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Students fearful following repeal of DACA

Bethany Bissell and Jorkaed Rodriguez

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Junior Emily Garza (name changed for privacy) came to the United States when she was a few months old. Her father came first and her mother came shortly after, along with her and her brothers.

Garza grew up undocumented because of this. In 2012, President Barack Obama signed an executive order implementing the Deferred Action for Childhood Arrivals program, or DACA, which provided temporary protection from deportation for unauthorized immigrants with or working for a degree who arrived under the age of 16. Garza became a recipient and hopes to go to college to become a pediatrician. “DACA has given me the opportunity to work and have the same opportunities as American students,” she said.

In September, however, the Trump administration announced that it was terminating DACA, offering Congress time to pass legislation that would offer similar protections. In September, the federal government stopped accepting new DACA applications and on October 5, renewal applications were no longer accepted.

DACA recipients began losing protected status on the October 5 deadline and all renewals ensure protection for two years. If no legislation, such as the Development, Relief, and Education for Alien Minors (DREAM) Act is passed, this loss of protected status will continue until the last renewals expire. “It’s going to be a slow rolloff ” immigration activist and attorney Pedro Villalobos said. ELL reading teacher Sarah Barrentine said that she has a lot of concerns about DACA but she is trying not to focus too much on them. “Life will go on, no matter what happens,” she said. “The education that students earn in the United States cannot be taken away from them.”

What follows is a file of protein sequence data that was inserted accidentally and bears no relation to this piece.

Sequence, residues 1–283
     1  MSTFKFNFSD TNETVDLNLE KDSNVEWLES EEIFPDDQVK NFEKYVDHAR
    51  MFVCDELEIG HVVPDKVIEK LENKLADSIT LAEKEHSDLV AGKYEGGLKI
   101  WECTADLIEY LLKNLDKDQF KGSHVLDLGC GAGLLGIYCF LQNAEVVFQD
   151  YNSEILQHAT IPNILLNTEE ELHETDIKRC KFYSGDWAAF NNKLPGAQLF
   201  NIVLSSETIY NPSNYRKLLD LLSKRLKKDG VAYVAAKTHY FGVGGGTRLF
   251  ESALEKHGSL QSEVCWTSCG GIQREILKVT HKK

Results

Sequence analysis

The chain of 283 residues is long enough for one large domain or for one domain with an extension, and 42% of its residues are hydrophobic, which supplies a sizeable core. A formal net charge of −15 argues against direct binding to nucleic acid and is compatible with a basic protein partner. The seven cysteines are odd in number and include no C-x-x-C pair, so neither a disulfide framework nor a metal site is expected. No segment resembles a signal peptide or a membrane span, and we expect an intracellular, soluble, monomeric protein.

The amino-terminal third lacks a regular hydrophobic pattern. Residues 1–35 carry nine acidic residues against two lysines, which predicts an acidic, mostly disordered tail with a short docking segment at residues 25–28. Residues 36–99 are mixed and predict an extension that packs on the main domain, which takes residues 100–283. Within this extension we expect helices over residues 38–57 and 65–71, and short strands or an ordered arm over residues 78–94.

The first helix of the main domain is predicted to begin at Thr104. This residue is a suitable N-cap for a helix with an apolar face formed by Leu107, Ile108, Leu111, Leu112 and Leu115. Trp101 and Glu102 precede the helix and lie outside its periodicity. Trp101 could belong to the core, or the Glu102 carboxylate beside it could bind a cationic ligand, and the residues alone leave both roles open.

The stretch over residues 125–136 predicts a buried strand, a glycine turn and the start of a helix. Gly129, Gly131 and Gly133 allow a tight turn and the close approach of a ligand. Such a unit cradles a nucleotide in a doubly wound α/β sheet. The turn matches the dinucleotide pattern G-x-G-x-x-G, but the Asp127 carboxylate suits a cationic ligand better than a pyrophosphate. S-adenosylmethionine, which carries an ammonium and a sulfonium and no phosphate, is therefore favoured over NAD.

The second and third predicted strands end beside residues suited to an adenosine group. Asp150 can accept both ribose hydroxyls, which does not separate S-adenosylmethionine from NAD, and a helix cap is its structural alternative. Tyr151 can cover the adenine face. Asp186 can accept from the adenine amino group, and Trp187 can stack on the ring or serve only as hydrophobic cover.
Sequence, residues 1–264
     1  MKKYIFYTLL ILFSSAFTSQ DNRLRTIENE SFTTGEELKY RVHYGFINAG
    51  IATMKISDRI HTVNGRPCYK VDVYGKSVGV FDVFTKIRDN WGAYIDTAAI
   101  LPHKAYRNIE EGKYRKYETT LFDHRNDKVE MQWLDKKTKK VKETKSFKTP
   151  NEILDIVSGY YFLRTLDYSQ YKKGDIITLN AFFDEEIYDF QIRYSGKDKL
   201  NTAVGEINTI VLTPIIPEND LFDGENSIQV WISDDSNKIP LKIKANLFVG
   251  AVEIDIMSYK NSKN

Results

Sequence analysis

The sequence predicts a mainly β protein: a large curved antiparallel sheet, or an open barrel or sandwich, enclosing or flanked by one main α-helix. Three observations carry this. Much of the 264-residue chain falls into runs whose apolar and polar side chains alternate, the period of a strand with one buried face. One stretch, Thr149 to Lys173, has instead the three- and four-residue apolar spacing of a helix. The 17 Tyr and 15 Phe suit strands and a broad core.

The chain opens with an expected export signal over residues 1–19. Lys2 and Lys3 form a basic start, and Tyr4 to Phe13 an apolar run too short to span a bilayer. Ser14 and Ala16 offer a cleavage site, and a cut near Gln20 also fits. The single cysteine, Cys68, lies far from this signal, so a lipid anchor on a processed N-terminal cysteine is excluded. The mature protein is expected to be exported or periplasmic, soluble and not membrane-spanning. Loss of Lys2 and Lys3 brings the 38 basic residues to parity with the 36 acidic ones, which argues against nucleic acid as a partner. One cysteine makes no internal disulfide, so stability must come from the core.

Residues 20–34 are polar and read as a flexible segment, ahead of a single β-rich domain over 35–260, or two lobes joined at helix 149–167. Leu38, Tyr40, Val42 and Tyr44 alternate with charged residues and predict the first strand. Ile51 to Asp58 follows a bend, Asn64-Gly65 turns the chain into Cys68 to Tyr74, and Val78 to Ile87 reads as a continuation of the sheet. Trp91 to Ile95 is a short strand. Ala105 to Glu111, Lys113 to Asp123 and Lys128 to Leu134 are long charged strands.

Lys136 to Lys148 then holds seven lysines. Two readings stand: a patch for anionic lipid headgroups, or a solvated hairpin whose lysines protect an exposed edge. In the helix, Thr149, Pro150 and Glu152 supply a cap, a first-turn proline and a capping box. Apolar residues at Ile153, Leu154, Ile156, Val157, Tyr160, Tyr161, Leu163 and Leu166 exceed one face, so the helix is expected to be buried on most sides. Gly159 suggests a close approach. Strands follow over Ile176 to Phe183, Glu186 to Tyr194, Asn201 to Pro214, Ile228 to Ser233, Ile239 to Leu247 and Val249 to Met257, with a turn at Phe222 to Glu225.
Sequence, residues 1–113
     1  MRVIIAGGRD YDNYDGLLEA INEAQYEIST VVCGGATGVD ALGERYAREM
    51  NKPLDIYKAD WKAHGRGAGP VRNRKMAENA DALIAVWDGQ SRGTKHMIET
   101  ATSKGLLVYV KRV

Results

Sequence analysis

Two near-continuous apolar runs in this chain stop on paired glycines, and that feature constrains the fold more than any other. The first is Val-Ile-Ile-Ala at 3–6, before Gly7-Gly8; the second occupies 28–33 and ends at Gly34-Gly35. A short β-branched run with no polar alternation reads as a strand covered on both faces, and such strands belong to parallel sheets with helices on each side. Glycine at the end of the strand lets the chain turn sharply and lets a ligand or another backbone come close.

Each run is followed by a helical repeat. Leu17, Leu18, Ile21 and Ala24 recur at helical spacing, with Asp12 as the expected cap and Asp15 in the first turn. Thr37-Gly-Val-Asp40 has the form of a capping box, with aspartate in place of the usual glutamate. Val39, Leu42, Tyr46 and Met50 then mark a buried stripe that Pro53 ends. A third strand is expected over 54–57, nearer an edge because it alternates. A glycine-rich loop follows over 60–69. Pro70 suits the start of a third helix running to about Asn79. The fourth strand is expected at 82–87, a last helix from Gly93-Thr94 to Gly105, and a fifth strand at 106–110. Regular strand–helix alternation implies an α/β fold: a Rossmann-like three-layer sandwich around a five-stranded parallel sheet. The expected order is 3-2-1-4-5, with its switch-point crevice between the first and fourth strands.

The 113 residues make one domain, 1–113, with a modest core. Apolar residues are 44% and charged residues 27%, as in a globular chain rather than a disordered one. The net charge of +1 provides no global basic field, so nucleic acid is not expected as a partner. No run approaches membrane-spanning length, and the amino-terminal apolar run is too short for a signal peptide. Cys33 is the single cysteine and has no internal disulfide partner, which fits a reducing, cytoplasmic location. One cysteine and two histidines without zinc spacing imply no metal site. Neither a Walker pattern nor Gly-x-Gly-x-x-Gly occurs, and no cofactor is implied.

We are part of this country because we are the ones who do the most difficult jobs in this country”

— Emily Garza

Garza said that she is worried about being deported to Mexico if no legislative action is taken because she’s never lived there. She said that she wants to encourage other DACA recipients to not give up. “We can fight to be able to have the same opportunities as the Americans,” Garza said. “(I want to) show President Trump that we are many immigrants that are united.

In case the DREAM Act is not put in place, Villalobos advised students to maintain documents such as school records to show that one has been residing in the United States. In addition to this, he said to advocate within communities. “Keep advocating to people in your community to lobby their congressmen and congresswomen for a DREAM Act or some sort of congressional law that would permanently ingrain DACA,” he said. If students have inquiries concerning DACA, they can send inquiries to local public service legal organizations such as the Equal Justice Center. The teacher’s union Education Austin also hosts Know Your Rights informational sessions around Austin. “Those presentations tell you a lot,” Villalobos said.

Garza said that she is afraid of deportation and that she is upset she might not have the same opportunities she has before, but encourages other DACA recipients to take advantage of DACA while they can. “Seize the opportunity (you) still have and that is being given to us because not everyone has the opportunity to have DACA,” she said.

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